Charlie Coyle apparently hates the nickname, but Devan Dubnyk says there's a reason Wild teammates call the hulking New Englander "Gronk," an ode to Patriots tight end Rob Gronkowski.

"You watch Gronk play football, he's just this massive human that is unstoppable. And when Charlie wants to be, he's a massive human that's unstoppable," Dubnyk said after shutting out the St. Louis Blues 2-0 in Game 4 on Wednesday night.

The key words: "When Charlie wants to be."

Right now, Coyle wants to be.

One of the Wild's best forwards so far in the Western Conference quarterfinals, Coyle, 25, was at his absolute best in Game 4. Besides scoring the game-winning goal, he was a two-way physical force, constantly going to the net, getting shots, banging bodies and blocking shots.

Maybe his best play was swiping the puck from Vladimir Tarasenko on a hustling backcheck 42 seconds before Martin Hanzal gave the Wild a 2-0 lead.

Unfortunately, the thing that aggravates many Wild fans and even management and coaches at this point in Coyle's five-year career is he doesn't play like that every night. Coyle has a full toolbox, but he sometimes goes into long spells in which he doesn't put everything together every night.

Coyle is well aware of the rap he has at this juncture of his career.

"I have to bring it every night. If I can play like I just did one night, why not every night?" Coyle said after Wednesday's game. "Yeah, it's a grind and you have time to get the adrenaline in the playoffs and give it your all toward the end of year here, but this is the type of player I have to be for my team."

Coyle, a 2010 first-round pick by San Jose, had an interesting first year under Bruce Boudreau.

Through mid-December, Coyle led the Wild with 12 goals. But he then went into a huge drought where he not only wasn't scoring, he wasn't going to the hard areas and wasn't getting shots.

In January, Boudreau stopped cajoling him and turned into the bad cop.

After one game against Nashville, Boudreau snapped, "He's not looking to shoot … ever."

A few days later, talking about a 20-game spell in which Coyle was averaging 1.4 shots per game, Boudreau said: "I hope if he's gone through these things before that he realizes how [bad] he feels when he's going through them and how it's not working. So if I were him, I would change the way I'm doing things during these times."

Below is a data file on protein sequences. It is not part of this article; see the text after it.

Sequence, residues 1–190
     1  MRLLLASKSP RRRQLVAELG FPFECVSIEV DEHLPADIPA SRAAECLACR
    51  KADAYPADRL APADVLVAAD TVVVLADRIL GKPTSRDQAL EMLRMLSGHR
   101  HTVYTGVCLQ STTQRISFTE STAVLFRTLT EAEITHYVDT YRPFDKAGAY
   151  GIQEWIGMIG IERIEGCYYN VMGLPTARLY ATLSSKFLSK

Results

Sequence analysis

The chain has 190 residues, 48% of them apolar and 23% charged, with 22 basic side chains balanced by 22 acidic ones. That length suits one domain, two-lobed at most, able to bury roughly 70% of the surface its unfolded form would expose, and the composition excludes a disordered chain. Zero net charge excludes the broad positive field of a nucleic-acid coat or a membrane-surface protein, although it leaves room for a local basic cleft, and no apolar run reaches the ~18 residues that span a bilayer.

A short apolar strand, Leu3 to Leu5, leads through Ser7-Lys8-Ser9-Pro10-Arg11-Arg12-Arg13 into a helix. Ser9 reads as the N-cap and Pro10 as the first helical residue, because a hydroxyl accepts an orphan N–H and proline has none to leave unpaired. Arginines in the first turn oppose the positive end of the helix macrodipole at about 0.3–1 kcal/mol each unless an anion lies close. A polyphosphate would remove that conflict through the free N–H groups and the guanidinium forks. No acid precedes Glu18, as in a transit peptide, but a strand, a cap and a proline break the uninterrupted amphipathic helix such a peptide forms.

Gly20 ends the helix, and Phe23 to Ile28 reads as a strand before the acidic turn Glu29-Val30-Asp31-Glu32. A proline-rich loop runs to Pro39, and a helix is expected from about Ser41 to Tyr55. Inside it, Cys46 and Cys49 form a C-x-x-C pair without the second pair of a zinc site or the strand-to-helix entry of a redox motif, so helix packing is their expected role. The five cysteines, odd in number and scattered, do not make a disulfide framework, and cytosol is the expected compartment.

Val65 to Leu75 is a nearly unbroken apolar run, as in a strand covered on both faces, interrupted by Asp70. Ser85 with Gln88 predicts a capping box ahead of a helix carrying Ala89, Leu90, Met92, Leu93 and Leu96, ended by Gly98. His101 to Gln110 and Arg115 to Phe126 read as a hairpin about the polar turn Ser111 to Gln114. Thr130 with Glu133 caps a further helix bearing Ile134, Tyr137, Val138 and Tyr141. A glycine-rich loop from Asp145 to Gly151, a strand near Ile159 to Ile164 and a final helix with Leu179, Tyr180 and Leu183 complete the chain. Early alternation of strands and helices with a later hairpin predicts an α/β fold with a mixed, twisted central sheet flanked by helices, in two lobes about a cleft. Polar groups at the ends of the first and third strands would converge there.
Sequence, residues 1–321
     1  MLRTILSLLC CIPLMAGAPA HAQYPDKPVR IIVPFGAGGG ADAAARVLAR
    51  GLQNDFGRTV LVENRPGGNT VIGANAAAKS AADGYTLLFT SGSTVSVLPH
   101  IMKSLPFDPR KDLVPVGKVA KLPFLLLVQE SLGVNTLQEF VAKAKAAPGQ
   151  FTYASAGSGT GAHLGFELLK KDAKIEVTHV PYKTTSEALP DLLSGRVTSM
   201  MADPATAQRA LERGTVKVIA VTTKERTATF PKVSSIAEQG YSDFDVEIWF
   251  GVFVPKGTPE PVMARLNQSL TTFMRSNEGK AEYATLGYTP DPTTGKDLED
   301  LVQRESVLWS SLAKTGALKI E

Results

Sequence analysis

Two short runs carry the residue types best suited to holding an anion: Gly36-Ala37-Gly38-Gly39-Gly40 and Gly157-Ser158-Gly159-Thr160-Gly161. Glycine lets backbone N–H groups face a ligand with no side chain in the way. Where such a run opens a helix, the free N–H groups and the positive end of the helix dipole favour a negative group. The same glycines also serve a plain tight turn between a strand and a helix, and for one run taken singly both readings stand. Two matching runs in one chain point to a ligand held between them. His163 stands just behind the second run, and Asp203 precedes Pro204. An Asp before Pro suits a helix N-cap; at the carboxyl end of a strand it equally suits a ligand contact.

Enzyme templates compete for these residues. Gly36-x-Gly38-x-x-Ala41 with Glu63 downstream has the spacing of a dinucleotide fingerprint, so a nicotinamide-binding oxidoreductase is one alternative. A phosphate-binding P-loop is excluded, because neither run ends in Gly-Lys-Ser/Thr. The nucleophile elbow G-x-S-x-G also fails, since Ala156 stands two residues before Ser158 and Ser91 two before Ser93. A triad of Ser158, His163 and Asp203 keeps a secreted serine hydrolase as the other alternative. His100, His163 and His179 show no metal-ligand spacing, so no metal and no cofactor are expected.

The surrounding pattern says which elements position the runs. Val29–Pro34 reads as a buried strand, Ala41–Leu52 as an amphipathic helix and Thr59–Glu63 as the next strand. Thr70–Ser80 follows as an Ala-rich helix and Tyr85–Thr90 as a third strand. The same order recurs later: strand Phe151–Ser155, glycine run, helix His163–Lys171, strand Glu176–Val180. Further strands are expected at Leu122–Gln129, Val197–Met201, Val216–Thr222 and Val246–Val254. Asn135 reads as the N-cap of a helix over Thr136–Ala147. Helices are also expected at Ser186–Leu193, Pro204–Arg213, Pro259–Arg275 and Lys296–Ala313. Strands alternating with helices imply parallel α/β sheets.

Then after the All-Star break, Boudreau not only demoted Coyle to the fourth line in Vancouver, the Wild sent a clear message by recalling Alex Tuch for his NHL debut.

Boudreau said of Coyle: "I'm at a loss. I'm told he's gone through this every year. I'll have to talk to him and see if we can't get him straightened out."

The good news?

After scoring two goals and 13 assists during one 32-game stretch this season, the winger entered the postseason with seven points in his final six games and has continued the quality play through the first four games.

Coyle, whose confidence sometimes either soars or wanes, has scored in each of the past two games.

"It's a tough league," Dubnyk said. "The game's not going to go perfect every game. You can't go out there and do what he just did every single night, but I think you'll see as his career goes on he'll understand how big and fast he really is."

Coyle prides himself as a gamer.

He has played 313 consecutive regular-season games, a Wild record. Add in another 33 consecutive playoff games, that's 346 games in a row, including playing in the 2014 playoffs despite two separated shoulders.

Coyle says the Wild set out to do one thing Wednesday, and that was avoid a sweep and live another day.

"That's all it was," he said. "I was just trying to do my part. It's playoff time. You've got to ramp it up. That's got to be your mentality."

If the Wild plans to become the fifth NHL team to rally from a 3-0 series deficit, he'll need to do the same in Games 5, 6 and 7.

"You'd like to get it every night [from Coyle]," Boudreau said. "Right now I just would like to get it for the next three games."